Grad Student Shares Passion for Arts and Education

By Steven Dawson
November 22, 2011

The number one rule that all students are supposed to follow in graduate school is, “Don’t overextend yourself.” It seems that arts management grad student Jennifer Glinzak has thrown that bit of advice right out the window. On top of her full-time class load, she works 20 hours each week as a graduate fellow, is on the Graduate Student Council, volunteers on the Emerging Arts Leaders Symposium leadership committee, and performs with the AU Chamber Singers.

What is your history before attending American University?

I went to Chapman University for my undergraduate work. I earned two bachelor’s degrees, one in music education with a vocal emphasis and the other in music performance with an instrumental conducting emphasis. After graduating, I worked at the Orange County Youth Symphony Orchestra for a year as their general manager. After my tenure expired there, I went over to the Irvine Young Concert Artists and Irvine Young Junior Artists to be their general manager. And all the while I worked at Disneyland to help pay the bills, like any good southern Californian would.

Was there a particular reason to pursue the two bachelor degrees?

I originally went to Chapman for a choral conducting degree, but one thing led to another and I ended up getting the vocal education degree. Then I was later accepted into the instrumental conducting program. Apparently, my stick hand is better than just my plain hand, so it worked out pretty well for me. I was considering a career in conducting opera and large works. But, as it turns out, I get stage fright, and I didn’t find that out until I had really gotten into conducting. That’s when I decided that it was better for me to work behind the curtain and not in front of it.

Why are you pursuing a master’s degree in arts management from AU?

I came to American University because I have an opportunity to add a policy emphasis and participate in an internship in a policy field. What I truly want to do is make a difference in arts education on the policy level and the law level. I want to change the teaching rules, as well strengthen them and enforce them. I don’t want them just to be there and teachers say, “There’s no way we can do that,” like the California standards which have no bearing on what you do in a music class.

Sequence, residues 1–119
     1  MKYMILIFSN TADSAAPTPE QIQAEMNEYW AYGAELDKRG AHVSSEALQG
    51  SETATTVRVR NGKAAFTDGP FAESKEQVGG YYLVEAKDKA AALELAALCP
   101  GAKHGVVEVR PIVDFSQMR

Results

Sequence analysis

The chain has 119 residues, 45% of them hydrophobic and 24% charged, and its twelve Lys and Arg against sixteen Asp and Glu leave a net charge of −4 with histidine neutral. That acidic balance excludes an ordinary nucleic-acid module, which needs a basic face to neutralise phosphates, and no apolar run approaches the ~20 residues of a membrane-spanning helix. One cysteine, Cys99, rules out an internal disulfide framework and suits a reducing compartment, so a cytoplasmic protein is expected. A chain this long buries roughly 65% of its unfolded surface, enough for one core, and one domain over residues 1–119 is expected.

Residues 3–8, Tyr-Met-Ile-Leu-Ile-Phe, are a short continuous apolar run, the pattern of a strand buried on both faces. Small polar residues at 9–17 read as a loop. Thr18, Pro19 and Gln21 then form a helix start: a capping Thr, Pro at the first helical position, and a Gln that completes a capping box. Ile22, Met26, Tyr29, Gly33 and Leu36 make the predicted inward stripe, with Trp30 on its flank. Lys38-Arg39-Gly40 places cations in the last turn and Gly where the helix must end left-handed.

Can you elaborate on that? What would you change?

In a choral classroom, to actually hit all of the required standard teaching points, you would only be able to do about 10 minutes of actual rehearsing. It would basically be a lecture with 10 minutes of rehearsing. That doesn’t teach music. That’s teaching history; that’s teaching theory. That’s teaching everything else. Yes, music history and theory are important things, but I think they should be separate classes. That is why they have the AP theory tests, for those kids who do actually have access to music theory.

I think that arts classrooms in general should be structured differently. There is not enough time for the arts in schools, period. And there is even less time for these standards to be implemented without actually making the art itself suffer. It takes away from getting those kids that creative expression and creative outlet.

After you graduate, what do you want to do?

The National Endowment for the Arts (NEA) is my ultimate goal. I would love to be the Director of Education at the NEA. And if not, I would like to be the person who stands on Capitol Hill and lobbies to switch the defense spending budget with the arts and education budget. Seriously though, I do want to lobby, and I do want to see social change. And that is one of the reasons I am here, so I can get to that platform. I would like to get out there and speak about the issues, maybe even do arts advocacy with Americans for the Arts or some other advocacy group.

Some people need us to speak for them. For example, my mom is a teacher in an underprivileged school, and she teaches ESL (English as a Second Language) students. Once, some of these kids sat down and when my mom gave them crayons they didn’t know what they were for because they’ve never seen them. This is the extreme case, but I do want to give underserved and underprivileged children access to art and allow them that creative expression. A lot of these kids that my mom teaches don’t even graduate from high school. Many of them end up involved in drugs, gang-related activities, teen pregnancy, and other hard times because of their demographic, and that’s just not right or fair.

You are the graduate fellow in the music department, right? Tell me about what you do.

I am the choral manager for the AU chamber singers and AU chorus. Basically what I do is take care of everything choir related. I am in charge of managing the library, which we are re-vamping right now. I also take care of all of the dresses and the publications. I am basically the middleman between directors Daniel Abraham and Laura Petravage and everyone else. If they need something, I do it for them. And if somebody else needs something from them, I relay it back to them. It’s very rare that communication doesn’t go through me.

Jennifer Glinzak is currently nearing the end of her first semester in the two year Arts Management Master’s Program at AU and plans on graduating in May 2013.